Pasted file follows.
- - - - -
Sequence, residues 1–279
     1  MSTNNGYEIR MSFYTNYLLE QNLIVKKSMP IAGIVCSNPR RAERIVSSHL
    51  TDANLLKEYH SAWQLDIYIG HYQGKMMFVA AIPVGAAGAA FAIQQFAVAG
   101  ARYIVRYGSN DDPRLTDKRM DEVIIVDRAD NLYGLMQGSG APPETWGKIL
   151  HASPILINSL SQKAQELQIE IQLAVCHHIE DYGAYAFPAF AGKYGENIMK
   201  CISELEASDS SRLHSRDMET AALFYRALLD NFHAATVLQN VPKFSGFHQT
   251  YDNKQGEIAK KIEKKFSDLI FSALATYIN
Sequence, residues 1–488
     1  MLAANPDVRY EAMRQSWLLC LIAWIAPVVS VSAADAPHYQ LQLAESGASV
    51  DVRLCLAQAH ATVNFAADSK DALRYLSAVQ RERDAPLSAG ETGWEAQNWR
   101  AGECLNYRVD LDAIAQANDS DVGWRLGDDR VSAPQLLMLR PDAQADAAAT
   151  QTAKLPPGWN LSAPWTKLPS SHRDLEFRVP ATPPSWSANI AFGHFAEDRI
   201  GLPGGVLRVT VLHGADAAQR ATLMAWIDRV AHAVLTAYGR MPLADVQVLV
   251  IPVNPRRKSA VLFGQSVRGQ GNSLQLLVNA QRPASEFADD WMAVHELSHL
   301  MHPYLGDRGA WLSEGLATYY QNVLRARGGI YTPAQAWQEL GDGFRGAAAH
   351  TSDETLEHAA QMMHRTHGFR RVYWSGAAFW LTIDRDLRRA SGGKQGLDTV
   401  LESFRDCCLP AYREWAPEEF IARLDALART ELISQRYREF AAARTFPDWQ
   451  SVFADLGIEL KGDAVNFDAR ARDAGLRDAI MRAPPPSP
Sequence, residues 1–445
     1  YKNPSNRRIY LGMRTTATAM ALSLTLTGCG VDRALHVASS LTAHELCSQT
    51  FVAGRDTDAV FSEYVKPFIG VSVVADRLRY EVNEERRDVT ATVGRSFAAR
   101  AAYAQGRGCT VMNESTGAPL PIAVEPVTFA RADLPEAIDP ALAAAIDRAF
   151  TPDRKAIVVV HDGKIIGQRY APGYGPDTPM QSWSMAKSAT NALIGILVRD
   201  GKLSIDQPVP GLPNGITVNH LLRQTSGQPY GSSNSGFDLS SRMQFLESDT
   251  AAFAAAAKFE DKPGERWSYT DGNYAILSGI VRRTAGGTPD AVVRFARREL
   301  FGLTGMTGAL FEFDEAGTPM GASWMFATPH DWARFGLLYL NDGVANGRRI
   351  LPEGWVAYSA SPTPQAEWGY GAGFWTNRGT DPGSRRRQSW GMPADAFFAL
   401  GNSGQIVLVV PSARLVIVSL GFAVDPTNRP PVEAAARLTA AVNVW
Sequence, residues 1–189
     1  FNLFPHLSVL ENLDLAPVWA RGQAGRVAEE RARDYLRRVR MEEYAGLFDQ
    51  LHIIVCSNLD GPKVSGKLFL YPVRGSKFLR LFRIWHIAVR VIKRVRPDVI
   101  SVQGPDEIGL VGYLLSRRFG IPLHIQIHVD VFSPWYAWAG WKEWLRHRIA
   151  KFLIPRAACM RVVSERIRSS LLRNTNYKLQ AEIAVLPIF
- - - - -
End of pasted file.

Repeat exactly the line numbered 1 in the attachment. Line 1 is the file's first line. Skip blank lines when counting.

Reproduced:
Sequence, residues 1–279